A "complex Web of vested interests" is flummoxing the pay-TV world's entry into a consistent online-video strategy, according to a story in Variety, which suggested that MVPDs offer "a dizzying hodgepodge of windowing strategies across digital platforms."
The primary problem is that the programming rights between service providers and content owners are byzantine, to say the least. Programmers "don't want to cannibalize the aud(ience) for premiere telecasts, reruns and even DVR playback within the first three days when advertising revenue is earned," the story said.
At the same time, these same programmers--to whom the operators pay homage, among other things--"want to maximize the exposure of their shows in ways that can drive ratings back to on-air, dilute the appeal of piracy and capitalize on the momentum of online video in general."
MVPDs are anxious to get on-air programming online as soon as possible but "need to protect their relationships with operators that pay them a fortune in carriage fees."
The ideal world for programmers is to air the programs on a pay TV service then allow those same subscribers to use those paid platforms to watch programs on VoD or even online as part of a TV Everywhere package. OTT online content purveyors, though, are expected to wait in line if they can't produce more revenue.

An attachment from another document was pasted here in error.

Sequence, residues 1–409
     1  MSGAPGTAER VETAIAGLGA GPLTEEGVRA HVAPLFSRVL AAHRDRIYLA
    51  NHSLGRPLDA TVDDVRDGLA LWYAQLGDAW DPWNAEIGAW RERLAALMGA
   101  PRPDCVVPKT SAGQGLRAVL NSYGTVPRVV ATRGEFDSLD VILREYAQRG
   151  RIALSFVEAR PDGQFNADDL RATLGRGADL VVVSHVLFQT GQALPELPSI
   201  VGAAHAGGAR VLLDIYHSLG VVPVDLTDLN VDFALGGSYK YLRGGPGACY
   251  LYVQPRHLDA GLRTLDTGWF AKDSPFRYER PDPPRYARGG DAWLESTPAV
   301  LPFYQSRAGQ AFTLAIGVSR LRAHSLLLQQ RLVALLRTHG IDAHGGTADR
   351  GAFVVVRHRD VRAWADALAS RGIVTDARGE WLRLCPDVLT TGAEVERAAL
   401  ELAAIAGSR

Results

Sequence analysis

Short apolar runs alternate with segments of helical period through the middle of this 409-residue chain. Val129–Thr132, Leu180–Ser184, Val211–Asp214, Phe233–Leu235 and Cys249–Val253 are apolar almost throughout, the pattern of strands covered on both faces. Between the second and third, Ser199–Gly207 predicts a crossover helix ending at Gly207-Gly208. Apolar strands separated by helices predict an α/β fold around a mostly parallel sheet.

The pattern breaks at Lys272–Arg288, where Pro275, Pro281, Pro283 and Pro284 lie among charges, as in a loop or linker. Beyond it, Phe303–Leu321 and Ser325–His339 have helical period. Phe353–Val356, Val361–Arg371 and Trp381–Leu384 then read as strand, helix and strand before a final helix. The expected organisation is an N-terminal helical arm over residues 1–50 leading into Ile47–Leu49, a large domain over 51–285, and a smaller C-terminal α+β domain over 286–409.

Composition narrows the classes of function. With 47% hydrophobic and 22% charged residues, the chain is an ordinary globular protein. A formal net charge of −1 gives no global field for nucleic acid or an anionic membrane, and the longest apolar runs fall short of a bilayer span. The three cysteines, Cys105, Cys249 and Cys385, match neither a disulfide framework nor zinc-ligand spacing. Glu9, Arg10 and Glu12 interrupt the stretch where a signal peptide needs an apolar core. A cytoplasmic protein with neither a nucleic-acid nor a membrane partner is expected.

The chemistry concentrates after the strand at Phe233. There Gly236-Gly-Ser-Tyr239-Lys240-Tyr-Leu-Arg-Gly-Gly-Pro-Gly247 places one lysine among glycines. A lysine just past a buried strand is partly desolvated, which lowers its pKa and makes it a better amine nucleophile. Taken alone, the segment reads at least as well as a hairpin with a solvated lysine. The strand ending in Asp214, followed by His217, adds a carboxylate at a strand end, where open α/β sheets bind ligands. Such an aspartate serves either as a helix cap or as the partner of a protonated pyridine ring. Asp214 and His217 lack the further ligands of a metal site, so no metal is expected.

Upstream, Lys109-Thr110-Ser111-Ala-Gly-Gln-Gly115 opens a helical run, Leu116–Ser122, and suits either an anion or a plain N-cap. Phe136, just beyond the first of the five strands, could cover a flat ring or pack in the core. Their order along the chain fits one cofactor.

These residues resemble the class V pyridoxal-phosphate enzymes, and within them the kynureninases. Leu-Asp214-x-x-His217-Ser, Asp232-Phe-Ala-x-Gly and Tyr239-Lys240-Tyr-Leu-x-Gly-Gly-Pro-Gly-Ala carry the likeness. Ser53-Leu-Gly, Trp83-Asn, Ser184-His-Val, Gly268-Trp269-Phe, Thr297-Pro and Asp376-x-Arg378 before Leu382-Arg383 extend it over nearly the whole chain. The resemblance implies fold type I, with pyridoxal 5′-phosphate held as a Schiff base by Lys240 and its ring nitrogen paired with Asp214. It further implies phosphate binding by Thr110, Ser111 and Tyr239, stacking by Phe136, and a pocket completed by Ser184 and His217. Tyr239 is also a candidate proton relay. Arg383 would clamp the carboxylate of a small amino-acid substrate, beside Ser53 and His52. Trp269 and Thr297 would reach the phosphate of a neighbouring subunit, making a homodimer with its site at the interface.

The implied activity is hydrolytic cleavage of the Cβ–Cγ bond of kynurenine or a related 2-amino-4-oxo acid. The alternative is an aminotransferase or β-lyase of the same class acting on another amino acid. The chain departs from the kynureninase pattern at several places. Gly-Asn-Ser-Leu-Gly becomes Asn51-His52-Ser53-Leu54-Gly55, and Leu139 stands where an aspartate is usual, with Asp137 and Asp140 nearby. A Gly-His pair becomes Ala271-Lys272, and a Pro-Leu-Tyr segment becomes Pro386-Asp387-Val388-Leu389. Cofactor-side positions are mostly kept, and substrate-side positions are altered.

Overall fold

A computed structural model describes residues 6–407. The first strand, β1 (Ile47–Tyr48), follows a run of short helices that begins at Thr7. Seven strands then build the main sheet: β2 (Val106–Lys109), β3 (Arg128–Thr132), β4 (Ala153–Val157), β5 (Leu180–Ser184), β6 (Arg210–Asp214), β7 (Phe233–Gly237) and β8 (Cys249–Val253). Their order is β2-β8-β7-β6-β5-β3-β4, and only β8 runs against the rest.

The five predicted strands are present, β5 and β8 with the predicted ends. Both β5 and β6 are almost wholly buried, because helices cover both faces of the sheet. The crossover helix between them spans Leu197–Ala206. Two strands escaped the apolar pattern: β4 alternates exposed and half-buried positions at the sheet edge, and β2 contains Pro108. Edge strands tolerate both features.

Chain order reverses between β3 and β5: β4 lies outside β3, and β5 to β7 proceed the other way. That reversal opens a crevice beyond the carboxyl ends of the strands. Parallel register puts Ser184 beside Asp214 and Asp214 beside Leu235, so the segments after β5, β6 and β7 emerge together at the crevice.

"If we take that to Hulu, where there is not a dedicated charge and people can just come in and share that show, we feel that's potentially more disruptive to the ecosystem," AMC Networks (Nasdaq: AMCX) COO Ed Carroll told Variety.
There is, however, pressure on both sides and it can come to the fore in nasty ways, such as when the online content became a skirmish in the programming rights battle between DirecTV (Nasdaq: DTV) and Viacom (NYSE: VIA). DirecTV (NYSE: DTV), shut off from Viacom programming, suggested subscribers look online for their MTV and Comedy Channel; Viacom—briefly--shut down its online material.
Eventually, the two sides kissed and made up, but there were bruises left online and off from the conflict, perhaps more so for DirecTV than Viacom since the satellite provider wanted to know why it had to pay for content that's showing up free online.
"It was raised as an issue by their team but nothing about our deal that we ended up with changed our rights," Denise Denson, executive vice president of distribution and marketing at MTV Networks (a Viacom channel), told Variety.
In the end, both the programmers and the MVPDs agree there must be more consistency in how content ends up online and in what venues.
"If the industry could move faster to establish some kind of uniformity across the board, I think it would absolutely change how programmers would window content in the free, on-demand space," Denson summed up for the story.
- read the Variety story
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